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Particle physics on the brain

Methods from theoretical physics are shedding light on the brain’s circuitry


Particle physics on the brain

A PET scan of the human brain showing energy consumption. The brain consumes seven times less power than a typical laptop but is capable of far more complex tasks. (Image credit: Jens Maus, Wikimedia Commons)

Understanding the fundamental constituents of the universe is tough. Making sense of the brain is another challenge entirely. Each cubic millimetre of human brain contains around 4 km of neuronal “wires” carrying millivolt-level signals, connecting innumerable cells that define everything we are and do. The ancient Egyptians already knew that different parts of the brain govern different physical functions, and a couple of centuries have passed since physicians entertained crowds by passing currents through corpses to make them seem alive. But only in recent decades have neuroscientists been able to delve deep into the brain’s circuitry.

On 25 January, speaking to a packed audience in CERN’s Theory department, Vijay Balasubramanian of the University of Pennsylvania described a physicist's approach to solving the brain. Balasubramanian did his PhD in theoretical particle physics at Princeton University and also worked on the UA1 experiment at CERN’s Super Proton Synchrotron in the 1980s. Today, his research ranges from string theory to theoretical biophysics, where he applies methodologies common in physics to model the neural topography of information processing in the brain.

“We are using, as far as we can, hard mathematics to make real, quantitative, testable predictions, which is unusual in biology.” - Vijay Balasubramanian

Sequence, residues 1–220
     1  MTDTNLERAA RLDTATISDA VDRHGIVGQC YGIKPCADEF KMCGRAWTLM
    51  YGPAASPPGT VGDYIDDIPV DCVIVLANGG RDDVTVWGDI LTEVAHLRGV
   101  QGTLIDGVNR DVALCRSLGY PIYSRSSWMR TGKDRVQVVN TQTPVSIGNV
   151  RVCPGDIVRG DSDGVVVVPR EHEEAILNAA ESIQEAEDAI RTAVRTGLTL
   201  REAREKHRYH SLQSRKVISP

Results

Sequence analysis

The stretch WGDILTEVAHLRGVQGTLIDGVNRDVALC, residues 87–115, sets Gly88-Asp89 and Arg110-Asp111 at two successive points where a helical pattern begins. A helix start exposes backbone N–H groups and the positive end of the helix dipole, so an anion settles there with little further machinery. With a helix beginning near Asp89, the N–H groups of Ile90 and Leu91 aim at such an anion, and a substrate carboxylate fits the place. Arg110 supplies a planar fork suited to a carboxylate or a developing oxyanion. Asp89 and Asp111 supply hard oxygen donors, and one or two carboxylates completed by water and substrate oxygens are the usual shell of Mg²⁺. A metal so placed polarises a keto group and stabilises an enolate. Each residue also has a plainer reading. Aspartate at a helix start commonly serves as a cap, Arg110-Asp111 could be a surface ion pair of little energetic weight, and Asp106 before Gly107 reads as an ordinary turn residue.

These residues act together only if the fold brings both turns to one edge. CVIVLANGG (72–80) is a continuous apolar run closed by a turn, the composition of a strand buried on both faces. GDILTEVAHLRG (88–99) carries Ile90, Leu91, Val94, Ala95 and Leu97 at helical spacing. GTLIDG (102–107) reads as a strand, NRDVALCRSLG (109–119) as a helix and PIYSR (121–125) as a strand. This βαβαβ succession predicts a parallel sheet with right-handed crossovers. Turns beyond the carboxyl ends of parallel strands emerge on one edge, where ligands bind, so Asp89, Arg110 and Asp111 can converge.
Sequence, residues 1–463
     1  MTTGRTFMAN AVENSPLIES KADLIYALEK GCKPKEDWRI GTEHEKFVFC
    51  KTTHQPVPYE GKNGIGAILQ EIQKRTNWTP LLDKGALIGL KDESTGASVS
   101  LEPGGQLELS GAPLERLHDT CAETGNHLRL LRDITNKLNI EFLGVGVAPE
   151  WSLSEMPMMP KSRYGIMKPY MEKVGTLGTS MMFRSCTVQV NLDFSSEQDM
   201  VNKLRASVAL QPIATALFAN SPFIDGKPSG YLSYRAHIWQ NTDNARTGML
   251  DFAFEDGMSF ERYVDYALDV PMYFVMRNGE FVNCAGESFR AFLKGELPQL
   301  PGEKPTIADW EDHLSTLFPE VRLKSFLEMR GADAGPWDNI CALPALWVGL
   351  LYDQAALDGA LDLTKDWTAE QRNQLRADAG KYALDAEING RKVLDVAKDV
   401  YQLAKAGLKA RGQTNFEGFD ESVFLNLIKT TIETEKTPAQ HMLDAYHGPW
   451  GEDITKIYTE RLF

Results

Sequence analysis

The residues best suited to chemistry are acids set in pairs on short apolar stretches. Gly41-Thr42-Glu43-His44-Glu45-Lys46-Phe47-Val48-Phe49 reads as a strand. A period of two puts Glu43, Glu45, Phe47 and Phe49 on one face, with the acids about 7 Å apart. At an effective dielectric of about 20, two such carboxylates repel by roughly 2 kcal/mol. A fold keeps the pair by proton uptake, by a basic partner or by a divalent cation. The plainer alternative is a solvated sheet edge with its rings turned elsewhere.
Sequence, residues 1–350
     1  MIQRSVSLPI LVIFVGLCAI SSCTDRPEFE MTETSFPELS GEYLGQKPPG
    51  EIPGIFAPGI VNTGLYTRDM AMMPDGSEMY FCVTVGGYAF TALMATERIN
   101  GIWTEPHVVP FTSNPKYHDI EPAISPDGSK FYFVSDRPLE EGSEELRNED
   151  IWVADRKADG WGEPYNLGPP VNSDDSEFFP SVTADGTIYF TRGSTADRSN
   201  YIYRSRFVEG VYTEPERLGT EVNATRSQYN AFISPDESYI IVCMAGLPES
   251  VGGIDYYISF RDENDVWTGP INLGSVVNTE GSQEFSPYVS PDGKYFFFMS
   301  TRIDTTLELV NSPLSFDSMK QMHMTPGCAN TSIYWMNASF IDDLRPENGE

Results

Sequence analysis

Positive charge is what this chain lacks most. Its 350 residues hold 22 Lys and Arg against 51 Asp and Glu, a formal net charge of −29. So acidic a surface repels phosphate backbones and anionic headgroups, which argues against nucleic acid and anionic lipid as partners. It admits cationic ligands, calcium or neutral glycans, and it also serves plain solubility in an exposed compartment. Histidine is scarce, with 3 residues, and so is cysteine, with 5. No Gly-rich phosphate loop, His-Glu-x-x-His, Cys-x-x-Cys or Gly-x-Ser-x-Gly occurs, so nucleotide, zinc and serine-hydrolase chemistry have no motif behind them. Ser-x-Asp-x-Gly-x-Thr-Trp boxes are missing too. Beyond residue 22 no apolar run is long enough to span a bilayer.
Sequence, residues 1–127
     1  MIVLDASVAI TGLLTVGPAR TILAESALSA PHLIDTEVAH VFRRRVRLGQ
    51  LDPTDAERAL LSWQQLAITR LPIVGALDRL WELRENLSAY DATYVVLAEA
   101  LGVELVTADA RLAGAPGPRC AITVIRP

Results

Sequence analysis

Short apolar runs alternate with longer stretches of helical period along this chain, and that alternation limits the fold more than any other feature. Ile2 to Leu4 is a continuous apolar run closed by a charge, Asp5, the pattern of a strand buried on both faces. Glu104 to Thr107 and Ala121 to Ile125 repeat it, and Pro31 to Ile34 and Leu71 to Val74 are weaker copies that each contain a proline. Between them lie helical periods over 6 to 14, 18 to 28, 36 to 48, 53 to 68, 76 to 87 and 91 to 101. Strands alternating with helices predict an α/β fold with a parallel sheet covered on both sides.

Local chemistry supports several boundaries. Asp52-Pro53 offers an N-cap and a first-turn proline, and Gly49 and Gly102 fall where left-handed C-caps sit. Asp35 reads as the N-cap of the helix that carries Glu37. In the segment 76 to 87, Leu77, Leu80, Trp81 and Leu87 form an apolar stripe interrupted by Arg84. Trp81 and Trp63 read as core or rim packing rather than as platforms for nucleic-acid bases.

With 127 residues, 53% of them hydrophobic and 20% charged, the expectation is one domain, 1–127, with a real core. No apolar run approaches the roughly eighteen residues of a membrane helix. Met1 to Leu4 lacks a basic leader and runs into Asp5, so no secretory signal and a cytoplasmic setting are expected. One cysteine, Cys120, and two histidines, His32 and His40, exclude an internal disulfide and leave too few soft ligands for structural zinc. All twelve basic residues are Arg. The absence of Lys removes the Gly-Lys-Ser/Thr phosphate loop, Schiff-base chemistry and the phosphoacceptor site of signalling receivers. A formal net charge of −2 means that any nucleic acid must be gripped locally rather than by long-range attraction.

The brain's basic architecture is reasonably well understood. Highly complex sensory and cognitive tasks are carried out by the cooperative action of many specialised neurons and circuits, each of which has a surprisingly simple function. Balasubramanian used examples including our sense of smell, which allows humans and other animals to distinguish vast arrays of odour mixtures using very limited neural resources, and our “sense of place" (how we mentally represent our physical location) to demonstrate that brains have evolved neural circuits that exploit sophisticated principles of mathematics, some of which are only now being discovered.

Remarkably, predictions made using fairly crude models are turning out to describe the brain’s circuits rather well, often challenging traditional thinking. In general, Balasubramanian’s calculations suggest that animals have evolved to get the biggest cognitive bang for the smallest possible number of neurons. “Neurons are expensive!” he says, pointing out that the brain makes up just two per cent of our bodyweight but represents 20 per cent of our metabolic load. The brain consumes just 12W of power, seven times less than a typical laptop computer, yet boasts significantly more computational power, harnessed to perform subtler functions. “The brain can make us fall in love, whereas the computer hardly recognises a face,” he says.

Still, Balasubramanian thinks humans overestimate their cognitive abilities: we are not quite as special as we think we are. He argues that the majority of our brain’s behaviour stems from primal wiring that is common to most vertebrates. While a quantitative understanding of higher concepts such as “thoughts” or “consciousness” is still far off, clearly there is fertile ground for physicists to explore in the fast-changing world of neuroscience.

Watch the recording of Balasubramanian's CERN talk here.